Adam Bannister

Editor, IFSEC Global

Author Bio ▼

Adam Bannister is editor of IFSEC Global. A former managing editor at Dynamis Online Media Group, he has been at the helm of the UK's leading fire and security publication since 2014.
March 31, 2015

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Converged Security in 2019: Highlights and Insights from IFSEC International

Germanwings, 9/11 and the Law of Unintended Consequences

Much of the media coverage around the Germanwings air disaster has – controversially – centred around the mental health of the co-pilot who steered the airbus and its 150 passengers to its doom.

However, many observers have also wondered whether the changes made to how airliner cockpits were reinforced and locked in the wake of the 9/11 attacks might have unwittingly played a part in this latest air disaster.

We asked James Jameson, VP of product strategy at risk management software platform Rivo, about the issues raised by the tragedy – though we’re clear that he’s not commenting on it directly – about the difficult decisions facing the aviation industry and how to factor in the law of unintended consequences when making changes to security procedures and safeguards.

IFSEC Global: In light of the Germanwings disaster, how important is it to be mindful of the law of unintended consequences when changing security measures to reduce perceived risks?

germanwings 9-11 etcJames Jameson: Organisations set out to create procedures to manage risk with the best intentions in mind and more often than not driven by a major incident. Yet often the bigger picture is overlooked for short-term fixes that have devastating effects.

Fail-safe measures often need mitigating themselves: mitigating the mitigation. But where?

When mitigations are irreversible or so extreme that they’re almost if not impossible to override should they be misused, there should be due process and authority in place to ensure warning signs are raised as the policy is being formulated and ultimately alternative mitigations enabled for that ‘mitigation of the mitigation’ – or dual procedures as they are often known.

There are often multiple methods to implement the same policy. The example of locking security doors from one side only could be alternatively managed by dual biometric capability from both sides or remotely from the ground.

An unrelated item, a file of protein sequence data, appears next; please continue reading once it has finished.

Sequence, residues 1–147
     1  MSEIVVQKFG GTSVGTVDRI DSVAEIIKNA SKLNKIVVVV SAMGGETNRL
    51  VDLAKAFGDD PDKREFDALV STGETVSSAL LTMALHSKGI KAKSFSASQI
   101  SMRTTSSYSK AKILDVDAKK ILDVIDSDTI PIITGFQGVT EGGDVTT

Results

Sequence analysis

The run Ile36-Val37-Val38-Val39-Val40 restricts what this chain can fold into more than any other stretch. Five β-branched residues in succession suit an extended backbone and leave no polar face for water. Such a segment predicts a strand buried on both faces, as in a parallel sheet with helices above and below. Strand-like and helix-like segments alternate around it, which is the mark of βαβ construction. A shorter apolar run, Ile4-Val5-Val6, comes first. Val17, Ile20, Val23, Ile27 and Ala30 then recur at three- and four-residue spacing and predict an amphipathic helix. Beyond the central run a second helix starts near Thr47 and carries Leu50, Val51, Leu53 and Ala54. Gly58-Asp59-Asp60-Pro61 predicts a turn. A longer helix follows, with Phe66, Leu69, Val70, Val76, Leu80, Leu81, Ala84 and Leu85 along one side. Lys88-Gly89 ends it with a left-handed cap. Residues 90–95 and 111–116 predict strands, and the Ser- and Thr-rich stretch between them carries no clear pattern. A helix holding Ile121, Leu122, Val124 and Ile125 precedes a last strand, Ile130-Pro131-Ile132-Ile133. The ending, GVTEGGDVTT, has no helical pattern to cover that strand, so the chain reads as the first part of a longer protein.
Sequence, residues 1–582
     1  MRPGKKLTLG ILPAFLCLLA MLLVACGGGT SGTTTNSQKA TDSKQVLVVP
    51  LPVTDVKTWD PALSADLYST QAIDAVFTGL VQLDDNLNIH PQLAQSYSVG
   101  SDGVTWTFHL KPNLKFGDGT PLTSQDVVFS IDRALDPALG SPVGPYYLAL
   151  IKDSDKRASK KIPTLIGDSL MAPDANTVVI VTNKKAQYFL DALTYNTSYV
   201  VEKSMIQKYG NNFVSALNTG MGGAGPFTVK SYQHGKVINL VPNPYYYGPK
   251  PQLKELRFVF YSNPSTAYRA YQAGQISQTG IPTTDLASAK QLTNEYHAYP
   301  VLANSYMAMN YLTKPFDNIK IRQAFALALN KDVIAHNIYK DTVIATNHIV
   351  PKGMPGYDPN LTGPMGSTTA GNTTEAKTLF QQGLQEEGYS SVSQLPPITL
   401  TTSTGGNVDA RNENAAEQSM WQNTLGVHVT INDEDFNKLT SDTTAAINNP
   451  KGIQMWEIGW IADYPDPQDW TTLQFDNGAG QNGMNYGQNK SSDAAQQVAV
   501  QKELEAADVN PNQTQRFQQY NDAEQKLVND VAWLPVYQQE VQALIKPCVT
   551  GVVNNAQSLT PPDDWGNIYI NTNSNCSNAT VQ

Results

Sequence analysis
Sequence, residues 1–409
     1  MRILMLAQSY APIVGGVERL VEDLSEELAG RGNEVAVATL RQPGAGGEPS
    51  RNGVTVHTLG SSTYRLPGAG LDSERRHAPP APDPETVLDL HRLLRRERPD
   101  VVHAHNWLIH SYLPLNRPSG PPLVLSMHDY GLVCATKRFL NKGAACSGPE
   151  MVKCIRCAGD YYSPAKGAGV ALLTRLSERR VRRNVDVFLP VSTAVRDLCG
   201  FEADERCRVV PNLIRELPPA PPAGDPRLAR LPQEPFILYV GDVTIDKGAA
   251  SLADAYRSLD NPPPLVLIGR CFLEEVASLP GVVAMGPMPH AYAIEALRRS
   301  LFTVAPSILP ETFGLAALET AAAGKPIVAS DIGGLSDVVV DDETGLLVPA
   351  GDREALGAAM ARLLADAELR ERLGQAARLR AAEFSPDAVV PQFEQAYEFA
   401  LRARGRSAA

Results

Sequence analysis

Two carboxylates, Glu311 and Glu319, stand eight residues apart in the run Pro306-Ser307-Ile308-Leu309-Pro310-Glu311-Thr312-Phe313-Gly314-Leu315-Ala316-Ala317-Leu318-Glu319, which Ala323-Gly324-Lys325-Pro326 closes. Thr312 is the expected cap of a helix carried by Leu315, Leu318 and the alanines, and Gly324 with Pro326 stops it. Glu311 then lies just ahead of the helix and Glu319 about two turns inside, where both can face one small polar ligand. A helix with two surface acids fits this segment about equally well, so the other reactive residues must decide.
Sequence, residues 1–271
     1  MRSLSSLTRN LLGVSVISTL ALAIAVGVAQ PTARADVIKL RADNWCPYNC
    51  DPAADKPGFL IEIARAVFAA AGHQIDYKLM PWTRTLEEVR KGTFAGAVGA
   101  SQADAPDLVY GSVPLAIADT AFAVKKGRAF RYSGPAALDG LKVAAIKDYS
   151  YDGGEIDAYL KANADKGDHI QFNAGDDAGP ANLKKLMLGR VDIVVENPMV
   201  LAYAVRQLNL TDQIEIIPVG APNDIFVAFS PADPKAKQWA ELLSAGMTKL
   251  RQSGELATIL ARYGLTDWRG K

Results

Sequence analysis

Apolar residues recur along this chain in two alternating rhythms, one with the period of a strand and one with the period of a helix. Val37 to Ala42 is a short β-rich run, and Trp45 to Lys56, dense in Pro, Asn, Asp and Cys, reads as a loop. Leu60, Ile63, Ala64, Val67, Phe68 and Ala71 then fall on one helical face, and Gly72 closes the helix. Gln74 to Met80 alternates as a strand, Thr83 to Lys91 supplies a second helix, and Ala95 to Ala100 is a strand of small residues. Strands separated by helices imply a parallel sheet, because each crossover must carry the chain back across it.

We know the technology is there so this becomes a case of having the drivers in place to make everyone do it so that airlines can use expensive safety mechanisms without it adversely impacting their ability to compete, and this is often where the role of the regulator comes in.

IG: What kind of measures could the aviation industry take to reassure the general public and enhance security and safety in aviation?

JJ: Flying is cheaper and safer than ever. The aviation industry are arguably the most advanced in terms of industrial safety and security regulation maturity and, in general, regulation full stop next to financial services.

That’s down to the simple fact that the risks involved are high impact. Yet risk management and regulation including safety and security is always iterative.

Things happen, we learn, we improve. What we have seen here is what risk analysts call a black swan event: something that happens and takes everyone by surprise and it’s not until afterwards with better clarity of hindsight that the event and risk of future, similar events occurring can be rationalised and managed.

Black swan events are hard to predict and high profile and in their very nature ‘outliers’. One of the first areas of weakness the relevant authorities such as CAA will look at will be the vetting and make-up of the flight deck crew.

Airlines already adhere to strict rules and regulations regarding training and job-ready fitness so an area of focus for regulators and airlines will be number of flight deck crew at any given time.

A number of airlines such as Virgin and Qantas have already changed procedures in the wake of the Germanwings tragedy to ensure if a pilot of two leaves the flight deck, that a crew replacement will be made.

That won’t eliminate the risk by itself, however, and the holistic view must be taken into account. What failsafes can be put in place in the case of a third crew member being overpowered?

What technology is available to allow the cockpit door to be secured against everyone except the pilot who has visited the toilet?  What remote intervention technology can be put in place to override pilot control from the ground?

These are questions that many will be focusing in on to avoid this happening again and to provide assurance to the public that the risks are being properly accounted for.

Google are betting their money on zero-pilot cars – how far is the aviation industry going to be behind that vision? I wouldn’t imagine that far.

IG: Not that far at all as this BBC story from 2013 shows…

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